Updated: September 12, 2012 5:59PM
They passed out mini-silver buckets the other day at the Waukegan lakefront to celebrate getting rid of what should be the last of the PCBs in the city’s harbor. We can only hope, considering we’ve followed this story for more than 35 years.
Federal, state and local officials have joined forces in a Superfund dredging project needed to remove Waukegan Harbor from a list of Great Lakes toxic hot spots. On the list since 1987 and once called “the world’s worst PCB mess,” environmentalists are calling this one of the best coastal turnaround stories along the Great Lakes.
Last year, federal environmental agencies said they would prioritize the Waukegan Harbor cleanup, which remains the only Illinois site on the U.S. EPA radar. They made good on their dredge pledge this election year.
The U.S. EPA is sinking $48 million in the dredging project toward the final cleanup of Waukegan Harbor. It is one of four cleanup projects associated with the old Outboard Marine Corp., lakefront sites, legacies of Waukegan’s heavy industrial past.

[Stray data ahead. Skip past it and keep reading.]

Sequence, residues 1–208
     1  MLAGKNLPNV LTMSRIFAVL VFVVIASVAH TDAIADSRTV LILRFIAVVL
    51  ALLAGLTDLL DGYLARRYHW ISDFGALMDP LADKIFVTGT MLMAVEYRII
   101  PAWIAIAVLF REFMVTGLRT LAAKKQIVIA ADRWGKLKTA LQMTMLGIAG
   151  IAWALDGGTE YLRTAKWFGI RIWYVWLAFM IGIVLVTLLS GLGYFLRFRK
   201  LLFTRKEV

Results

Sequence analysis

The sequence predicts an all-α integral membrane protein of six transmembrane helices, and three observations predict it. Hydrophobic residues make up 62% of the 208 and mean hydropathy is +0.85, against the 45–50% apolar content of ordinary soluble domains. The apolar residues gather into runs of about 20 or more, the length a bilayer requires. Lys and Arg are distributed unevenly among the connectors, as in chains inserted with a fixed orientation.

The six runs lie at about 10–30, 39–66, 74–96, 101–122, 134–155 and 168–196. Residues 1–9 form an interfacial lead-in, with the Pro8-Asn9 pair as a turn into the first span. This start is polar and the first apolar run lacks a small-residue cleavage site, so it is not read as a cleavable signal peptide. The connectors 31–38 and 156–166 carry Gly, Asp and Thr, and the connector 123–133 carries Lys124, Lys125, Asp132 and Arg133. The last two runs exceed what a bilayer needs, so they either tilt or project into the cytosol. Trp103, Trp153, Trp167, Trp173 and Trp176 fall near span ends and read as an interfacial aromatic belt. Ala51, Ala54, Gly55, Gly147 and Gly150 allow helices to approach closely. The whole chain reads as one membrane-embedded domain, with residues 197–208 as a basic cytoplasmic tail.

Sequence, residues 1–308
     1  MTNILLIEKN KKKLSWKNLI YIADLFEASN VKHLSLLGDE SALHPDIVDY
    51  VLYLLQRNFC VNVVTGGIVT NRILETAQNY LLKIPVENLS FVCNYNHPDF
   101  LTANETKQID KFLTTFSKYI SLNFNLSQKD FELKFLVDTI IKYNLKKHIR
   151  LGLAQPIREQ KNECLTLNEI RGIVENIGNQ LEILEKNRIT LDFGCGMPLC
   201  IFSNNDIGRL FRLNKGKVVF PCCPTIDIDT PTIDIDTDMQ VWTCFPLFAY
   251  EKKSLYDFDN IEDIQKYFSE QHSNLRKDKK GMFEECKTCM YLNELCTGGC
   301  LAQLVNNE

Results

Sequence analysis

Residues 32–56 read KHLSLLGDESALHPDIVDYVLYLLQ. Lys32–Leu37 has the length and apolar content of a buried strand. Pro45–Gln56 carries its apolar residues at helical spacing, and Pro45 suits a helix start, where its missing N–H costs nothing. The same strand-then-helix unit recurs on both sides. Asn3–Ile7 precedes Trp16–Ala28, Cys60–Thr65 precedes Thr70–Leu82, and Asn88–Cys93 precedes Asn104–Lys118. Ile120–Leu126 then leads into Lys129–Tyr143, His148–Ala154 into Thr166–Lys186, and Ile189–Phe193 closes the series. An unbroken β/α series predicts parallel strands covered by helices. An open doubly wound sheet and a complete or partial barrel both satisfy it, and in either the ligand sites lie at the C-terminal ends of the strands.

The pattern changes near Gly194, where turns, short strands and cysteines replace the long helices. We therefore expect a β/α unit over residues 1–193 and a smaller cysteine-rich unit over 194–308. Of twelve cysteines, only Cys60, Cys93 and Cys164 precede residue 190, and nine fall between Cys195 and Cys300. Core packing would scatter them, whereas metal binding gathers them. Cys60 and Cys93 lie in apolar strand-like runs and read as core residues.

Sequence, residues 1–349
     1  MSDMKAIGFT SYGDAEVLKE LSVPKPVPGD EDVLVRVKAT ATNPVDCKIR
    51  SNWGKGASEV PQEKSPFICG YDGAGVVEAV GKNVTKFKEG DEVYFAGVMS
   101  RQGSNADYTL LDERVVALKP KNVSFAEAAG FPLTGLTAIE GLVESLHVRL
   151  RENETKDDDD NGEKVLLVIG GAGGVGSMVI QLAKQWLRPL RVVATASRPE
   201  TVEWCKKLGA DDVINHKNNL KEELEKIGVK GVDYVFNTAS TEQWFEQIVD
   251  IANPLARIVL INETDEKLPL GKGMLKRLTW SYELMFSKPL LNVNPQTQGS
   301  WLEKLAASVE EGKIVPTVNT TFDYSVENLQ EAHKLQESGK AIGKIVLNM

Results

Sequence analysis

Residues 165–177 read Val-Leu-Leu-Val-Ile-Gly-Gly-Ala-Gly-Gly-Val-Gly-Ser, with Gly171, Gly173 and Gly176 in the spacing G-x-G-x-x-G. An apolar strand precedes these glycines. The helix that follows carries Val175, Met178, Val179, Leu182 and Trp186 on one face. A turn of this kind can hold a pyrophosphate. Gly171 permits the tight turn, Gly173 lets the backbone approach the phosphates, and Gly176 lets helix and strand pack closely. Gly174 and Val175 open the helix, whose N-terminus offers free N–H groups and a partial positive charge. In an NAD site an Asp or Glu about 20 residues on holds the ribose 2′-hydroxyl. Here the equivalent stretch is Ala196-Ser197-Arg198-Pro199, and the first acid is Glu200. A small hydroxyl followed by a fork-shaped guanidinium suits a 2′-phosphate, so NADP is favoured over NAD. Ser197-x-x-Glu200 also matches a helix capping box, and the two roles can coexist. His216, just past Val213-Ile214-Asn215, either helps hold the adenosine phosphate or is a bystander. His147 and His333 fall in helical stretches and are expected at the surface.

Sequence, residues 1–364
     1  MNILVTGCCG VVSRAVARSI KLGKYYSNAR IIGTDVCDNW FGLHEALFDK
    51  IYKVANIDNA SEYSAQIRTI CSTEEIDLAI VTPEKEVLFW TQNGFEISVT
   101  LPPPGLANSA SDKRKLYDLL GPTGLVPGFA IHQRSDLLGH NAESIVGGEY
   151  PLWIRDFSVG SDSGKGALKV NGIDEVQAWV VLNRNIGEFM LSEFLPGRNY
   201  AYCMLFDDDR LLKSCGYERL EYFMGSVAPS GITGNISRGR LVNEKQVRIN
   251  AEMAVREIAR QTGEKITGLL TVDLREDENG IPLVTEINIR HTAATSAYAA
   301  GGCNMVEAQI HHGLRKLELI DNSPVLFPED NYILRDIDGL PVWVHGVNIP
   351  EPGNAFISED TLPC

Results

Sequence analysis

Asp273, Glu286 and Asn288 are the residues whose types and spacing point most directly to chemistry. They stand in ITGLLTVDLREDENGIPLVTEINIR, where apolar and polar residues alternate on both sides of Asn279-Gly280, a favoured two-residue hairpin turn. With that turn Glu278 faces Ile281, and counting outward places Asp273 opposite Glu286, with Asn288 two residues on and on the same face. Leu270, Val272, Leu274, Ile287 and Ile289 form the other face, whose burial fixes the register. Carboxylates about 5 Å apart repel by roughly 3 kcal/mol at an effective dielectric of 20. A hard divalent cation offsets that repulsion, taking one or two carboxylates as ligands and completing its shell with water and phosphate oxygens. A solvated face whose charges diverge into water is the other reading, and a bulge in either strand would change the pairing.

The project will remove approximately 175,000 cubic yards of PCB-contaminated sediment from the harbor. Dredging will begin later this month and is expected to be finished by next summer, a total of about 120 days.
Contaminated polychlorinated biphenyl sediment from OMC’s Johnson Outboard manufacturing plant was first discovered in the harbor in 1975. The chemicals are bad for humans, bad for fish in Lake Michigan.
It’s been decades in the making, but it finally appears the city’s lakefront is being turned back to before industry was sited below the Waukegan bluffs. Many believe the cleanup can transform the harbor into a powerful economic engine in the region.
That may be true down the line, but the task at hand is scrubbing the harbor bottom for a cleaner lake for future generations.